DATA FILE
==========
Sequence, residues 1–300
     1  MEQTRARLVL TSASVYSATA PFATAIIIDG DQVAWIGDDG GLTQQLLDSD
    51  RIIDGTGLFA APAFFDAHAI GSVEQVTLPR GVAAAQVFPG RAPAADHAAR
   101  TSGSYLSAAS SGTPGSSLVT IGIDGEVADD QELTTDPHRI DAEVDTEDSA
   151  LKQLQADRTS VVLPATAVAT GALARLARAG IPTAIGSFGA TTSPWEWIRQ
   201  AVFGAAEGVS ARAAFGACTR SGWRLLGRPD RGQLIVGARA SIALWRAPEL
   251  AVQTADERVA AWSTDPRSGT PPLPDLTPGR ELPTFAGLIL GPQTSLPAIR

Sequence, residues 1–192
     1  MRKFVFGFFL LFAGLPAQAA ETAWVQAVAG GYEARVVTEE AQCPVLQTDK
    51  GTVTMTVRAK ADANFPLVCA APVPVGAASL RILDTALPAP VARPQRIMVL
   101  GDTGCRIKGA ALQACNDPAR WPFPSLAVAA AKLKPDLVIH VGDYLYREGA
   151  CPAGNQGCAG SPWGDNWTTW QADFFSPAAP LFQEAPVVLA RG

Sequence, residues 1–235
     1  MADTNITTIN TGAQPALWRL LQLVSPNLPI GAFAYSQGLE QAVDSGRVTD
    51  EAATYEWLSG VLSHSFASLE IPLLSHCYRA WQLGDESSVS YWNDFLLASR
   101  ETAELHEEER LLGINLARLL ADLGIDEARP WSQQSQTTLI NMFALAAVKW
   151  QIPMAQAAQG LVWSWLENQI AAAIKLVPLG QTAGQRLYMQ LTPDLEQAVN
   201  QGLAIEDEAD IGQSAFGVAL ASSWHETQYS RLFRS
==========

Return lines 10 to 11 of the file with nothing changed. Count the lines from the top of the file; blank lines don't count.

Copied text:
    51  GTVTMTVRAK ADANFPLVCA APVPVGAASL RILDTALPAP VARPQRIMVL
   101  GDTGCRIKGA ALQACNDPAR WPFPSLAVAA AKLKPDLVIH VGDYLYREGA